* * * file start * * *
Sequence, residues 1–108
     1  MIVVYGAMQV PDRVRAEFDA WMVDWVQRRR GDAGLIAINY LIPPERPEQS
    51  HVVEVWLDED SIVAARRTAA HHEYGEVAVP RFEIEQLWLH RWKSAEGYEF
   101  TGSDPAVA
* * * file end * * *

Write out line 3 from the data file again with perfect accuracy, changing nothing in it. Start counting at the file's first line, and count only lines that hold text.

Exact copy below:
    51  HVVEVWLDED SIVAARRTAA HHEYGEVAVP RFEIEQLWLH RWKSAEGYEF